Nicolae Ceau┼čescu (second from the right), Josip Broz Tito (left) and others at the Romanian-Yugoslav friendship meeting in Bucharest 1966. The banner in the back reads: "Long live the brotherly friendship between the Romanian nation and the nations of Yugoslavia." 
Photo source: Fototeca photo #A059 (accessed 11 June 2009), 11/1966






  Preview / Trailer no 4 - UDBa down under - Yugoslav spying in Australia. 



Legendary Australian newspaperman Jack Waterford reveals that the Soviets may have had an interest in the Yugoslav versus Croats showdown in Australia during the early 1970s. His interview in the preview clip - Preview / Trailer no 4 - UDBa down under - Yugoslav spying in Australia. 

Award winning Australian journalist Hamish McDonald talks about the Croatian Six case. His interview in the preview clip - Preview / Trailer no 4 - UDBa down under - Yugoslav spying in Australia.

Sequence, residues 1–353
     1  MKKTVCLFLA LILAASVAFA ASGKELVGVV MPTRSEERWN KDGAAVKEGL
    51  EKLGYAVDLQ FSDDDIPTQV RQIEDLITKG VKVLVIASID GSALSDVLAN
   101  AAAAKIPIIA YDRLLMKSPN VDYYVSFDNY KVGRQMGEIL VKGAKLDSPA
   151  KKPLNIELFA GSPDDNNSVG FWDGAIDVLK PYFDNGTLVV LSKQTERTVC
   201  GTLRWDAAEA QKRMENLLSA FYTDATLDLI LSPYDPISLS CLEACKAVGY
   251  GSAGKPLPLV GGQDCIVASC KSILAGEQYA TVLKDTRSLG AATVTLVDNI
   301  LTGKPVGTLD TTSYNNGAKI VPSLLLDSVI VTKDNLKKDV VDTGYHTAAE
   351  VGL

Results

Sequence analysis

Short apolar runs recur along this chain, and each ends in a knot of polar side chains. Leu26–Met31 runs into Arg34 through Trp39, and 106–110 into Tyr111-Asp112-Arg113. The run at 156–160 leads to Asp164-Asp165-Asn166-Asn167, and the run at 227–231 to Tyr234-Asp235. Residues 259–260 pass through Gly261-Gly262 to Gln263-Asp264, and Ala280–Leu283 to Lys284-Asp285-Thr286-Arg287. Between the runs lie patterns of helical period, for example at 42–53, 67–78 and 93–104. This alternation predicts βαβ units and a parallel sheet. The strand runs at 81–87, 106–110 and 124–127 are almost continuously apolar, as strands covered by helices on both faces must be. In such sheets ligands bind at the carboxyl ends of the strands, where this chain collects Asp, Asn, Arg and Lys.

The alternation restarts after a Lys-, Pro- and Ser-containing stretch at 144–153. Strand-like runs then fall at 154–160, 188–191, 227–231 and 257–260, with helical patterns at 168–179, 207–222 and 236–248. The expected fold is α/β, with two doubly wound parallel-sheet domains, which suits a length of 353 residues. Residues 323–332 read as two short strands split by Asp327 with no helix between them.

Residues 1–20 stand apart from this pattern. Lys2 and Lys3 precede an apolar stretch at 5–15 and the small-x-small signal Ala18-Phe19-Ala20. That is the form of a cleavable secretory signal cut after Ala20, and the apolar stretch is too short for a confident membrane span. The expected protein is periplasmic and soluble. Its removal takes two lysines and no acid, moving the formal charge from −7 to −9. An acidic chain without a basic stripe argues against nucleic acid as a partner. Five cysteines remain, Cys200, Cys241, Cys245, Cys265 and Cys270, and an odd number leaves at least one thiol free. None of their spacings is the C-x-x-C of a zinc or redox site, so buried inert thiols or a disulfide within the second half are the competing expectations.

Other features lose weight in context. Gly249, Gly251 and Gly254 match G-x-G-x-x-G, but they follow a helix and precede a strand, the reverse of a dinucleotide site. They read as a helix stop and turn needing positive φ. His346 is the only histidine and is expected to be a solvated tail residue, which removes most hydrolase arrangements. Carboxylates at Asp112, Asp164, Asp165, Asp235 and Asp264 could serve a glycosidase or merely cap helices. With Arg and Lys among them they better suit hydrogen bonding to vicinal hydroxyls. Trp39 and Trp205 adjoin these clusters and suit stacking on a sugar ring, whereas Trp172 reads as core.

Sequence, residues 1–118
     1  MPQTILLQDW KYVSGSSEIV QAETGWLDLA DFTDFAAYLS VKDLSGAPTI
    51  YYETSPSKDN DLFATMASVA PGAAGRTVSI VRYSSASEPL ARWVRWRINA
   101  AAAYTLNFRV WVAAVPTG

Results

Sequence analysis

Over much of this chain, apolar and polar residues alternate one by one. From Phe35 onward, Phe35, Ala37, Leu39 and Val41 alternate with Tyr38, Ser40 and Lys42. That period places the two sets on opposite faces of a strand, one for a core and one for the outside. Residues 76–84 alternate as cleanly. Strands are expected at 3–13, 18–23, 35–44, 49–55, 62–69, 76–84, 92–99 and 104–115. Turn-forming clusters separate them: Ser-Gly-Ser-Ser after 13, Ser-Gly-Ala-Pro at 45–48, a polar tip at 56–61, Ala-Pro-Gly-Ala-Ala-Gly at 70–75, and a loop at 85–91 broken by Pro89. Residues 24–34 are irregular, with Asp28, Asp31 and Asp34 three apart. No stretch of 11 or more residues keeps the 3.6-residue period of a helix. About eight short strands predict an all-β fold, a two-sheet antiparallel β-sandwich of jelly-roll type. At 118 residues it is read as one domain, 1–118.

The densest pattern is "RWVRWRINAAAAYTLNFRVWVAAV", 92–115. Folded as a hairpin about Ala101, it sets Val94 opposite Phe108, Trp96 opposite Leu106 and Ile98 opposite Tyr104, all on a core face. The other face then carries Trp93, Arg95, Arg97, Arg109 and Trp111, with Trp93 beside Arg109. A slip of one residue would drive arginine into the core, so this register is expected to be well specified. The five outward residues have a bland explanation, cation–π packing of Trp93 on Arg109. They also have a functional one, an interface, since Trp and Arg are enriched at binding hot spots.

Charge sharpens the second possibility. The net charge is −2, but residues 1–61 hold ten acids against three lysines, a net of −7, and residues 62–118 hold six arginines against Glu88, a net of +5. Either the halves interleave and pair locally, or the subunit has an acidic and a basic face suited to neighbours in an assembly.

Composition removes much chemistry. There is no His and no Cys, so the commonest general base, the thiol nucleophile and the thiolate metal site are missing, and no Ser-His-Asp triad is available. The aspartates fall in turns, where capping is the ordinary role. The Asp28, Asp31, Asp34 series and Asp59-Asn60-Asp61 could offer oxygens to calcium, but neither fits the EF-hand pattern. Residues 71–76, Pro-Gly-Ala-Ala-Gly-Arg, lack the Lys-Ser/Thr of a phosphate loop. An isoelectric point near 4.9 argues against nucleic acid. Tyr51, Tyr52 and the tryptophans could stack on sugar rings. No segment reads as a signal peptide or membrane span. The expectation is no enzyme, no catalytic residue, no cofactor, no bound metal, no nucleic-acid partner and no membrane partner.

Other related stories:

MONDAY, AUGUST 27, 2012

MONDAY, AUGUST 20, 2012 
MOSCOW GOLD ? - SOVIET INTERFERENCE OR BELGRADE'S FOOL'S GOLD?
 
WEDNESDAY, AUGUST 08, 2012
1974 WHITLAM PAPER REVEALS:
YUGOSLAV GOVERNMENT "IGNORED" ITS OWN SECURITY PROPOSAL TO COMBAT "TERRORISM"

FRIDAY, JULY 27, 2012
PHOTOS OF YUGOSLAV SPY MASTER


SUNDAY, JULY 22, 2012
ASIO KNEW YUGOSLAV SPY GAME PLAN IN 1977


FRIDAY, JULY 20, 2012
ASIO FILES RELEASED - YUGO SPYING RAMPANT- YUGO SPY DREAM TEAM TAKES ON CROATS, MACEDONIANS


MONDAY 25 July 2011. 
Scoop - New Zealand news website - Who Was The Croatian Six Mastermind?

-----------------------------------------

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ABC news website story clipping: